A man who had given up on life was found on a ranch near San Jon in May. Eugene Davidson, of California, was found after 21 days of sleeping outdoors with little or no food. Rancher Paul Gibson and helper Trey Rusk found the man clinging to life.
Gibson and Rusk were alerted to Davidson’s presence by the smell of campfire smoke. “Trey Rusk and I found the man around sunrise,” said Gibson. “The man said he was starving to death. He had gathered up some old timber and made a little hut for himself.”
Gibson said a Quay County Deputy Sheriff, several hours later, talked the man into forsaking his desire to die.
“The deputy didn’t use any force at all. He calmly talked the man into coming out,” said Gibson.
Mary Ann Garrett, board president of La Casa de La Hope, said Davidson was eventually taken by a New Mexico State Police officer to La Casa de La Hope, given food and a motel room for the night and a bus ticket back to his family in California. “When he was found he had no tent and he was literally starving to death,” said Garrett. “Bea Laredo (director of La Casa de La Hope) was able to give him some food and get him a room. We were able to contact his sister in California and get him a bus ticket home.”
Laredo said Davidson looked confused when she first saw him. “His clothes were very dirty and he looked really confused,” said Laredo, “but he was a quiet and gentle sort of man.”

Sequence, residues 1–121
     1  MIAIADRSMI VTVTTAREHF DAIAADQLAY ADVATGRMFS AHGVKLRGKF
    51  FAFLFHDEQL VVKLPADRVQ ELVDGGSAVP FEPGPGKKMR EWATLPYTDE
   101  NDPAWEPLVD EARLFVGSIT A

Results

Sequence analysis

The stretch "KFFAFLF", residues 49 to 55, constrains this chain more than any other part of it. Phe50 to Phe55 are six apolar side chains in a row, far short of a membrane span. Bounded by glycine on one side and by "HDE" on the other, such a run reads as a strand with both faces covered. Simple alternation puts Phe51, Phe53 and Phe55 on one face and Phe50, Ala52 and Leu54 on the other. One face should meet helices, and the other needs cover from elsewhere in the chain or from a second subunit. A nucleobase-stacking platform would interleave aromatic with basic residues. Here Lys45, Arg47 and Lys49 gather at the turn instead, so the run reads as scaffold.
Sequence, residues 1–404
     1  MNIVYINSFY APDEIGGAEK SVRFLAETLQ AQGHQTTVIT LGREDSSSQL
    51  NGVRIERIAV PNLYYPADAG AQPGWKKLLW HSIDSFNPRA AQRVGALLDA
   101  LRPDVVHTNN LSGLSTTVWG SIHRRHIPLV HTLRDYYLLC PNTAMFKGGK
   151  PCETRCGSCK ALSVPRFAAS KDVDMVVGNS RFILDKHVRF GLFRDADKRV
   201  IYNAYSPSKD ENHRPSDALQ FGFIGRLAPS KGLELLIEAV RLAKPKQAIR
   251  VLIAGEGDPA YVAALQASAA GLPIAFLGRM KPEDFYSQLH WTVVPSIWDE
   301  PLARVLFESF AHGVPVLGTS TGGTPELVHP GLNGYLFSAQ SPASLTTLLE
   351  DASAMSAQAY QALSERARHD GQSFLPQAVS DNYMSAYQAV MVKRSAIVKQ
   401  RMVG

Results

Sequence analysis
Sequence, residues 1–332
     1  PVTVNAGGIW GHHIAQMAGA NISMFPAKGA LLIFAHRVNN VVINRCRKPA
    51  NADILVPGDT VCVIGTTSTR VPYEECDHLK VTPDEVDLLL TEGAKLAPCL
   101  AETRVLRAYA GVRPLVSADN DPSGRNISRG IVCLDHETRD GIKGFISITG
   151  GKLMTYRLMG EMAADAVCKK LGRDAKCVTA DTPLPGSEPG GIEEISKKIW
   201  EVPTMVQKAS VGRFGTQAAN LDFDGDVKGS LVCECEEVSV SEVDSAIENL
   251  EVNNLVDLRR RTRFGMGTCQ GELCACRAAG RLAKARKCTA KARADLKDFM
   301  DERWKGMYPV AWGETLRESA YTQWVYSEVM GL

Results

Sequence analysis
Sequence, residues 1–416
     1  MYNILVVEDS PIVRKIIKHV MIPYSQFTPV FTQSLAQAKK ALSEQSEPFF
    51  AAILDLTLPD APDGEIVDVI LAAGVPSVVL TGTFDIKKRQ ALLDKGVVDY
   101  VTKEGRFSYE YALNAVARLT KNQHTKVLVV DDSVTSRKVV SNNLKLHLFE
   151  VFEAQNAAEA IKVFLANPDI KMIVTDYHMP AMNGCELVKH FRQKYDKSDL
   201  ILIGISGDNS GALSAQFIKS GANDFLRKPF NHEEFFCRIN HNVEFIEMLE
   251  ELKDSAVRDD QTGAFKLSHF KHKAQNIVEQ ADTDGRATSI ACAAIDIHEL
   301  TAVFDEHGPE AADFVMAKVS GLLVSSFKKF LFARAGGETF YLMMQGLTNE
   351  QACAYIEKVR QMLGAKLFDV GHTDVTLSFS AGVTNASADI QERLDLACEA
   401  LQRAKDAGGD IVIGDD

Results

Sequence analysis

Laredo said she was able to offer inspiration to Davidson.
“He told us that he was prepared to die out on the land because he thought nobody cared for him,” said Laredo. “I told him that God had a purpose for his life and that’s why he was found out there. When I put him on the bus back home I gave him a Bible to read and told him to read it on the trip home.”
Laredo received good news early last week. Davidson called from California and said his life was on an upswing.
“He called to thank us and told us he had turned his life around. He said he now has a steady job as a truck driver,” said Laredo. “He said he was going to send us a donation when he received his next paycheck. When he called he began by saying, ‘This is the desert rat that was found.’”
Laredo said the key to helping desperate individuals is to first meet physical needs like hunger. “After we meet their physical needs we try to meet their spiritual needs. Spiritual needs are what are most important,” said Laredo. “A place like La Casa de La Hope shows that there is always hope. A transient can see that people in the community obviously care. That’s why I always say that La Casa de La Hope is a ministry not just a food bank.”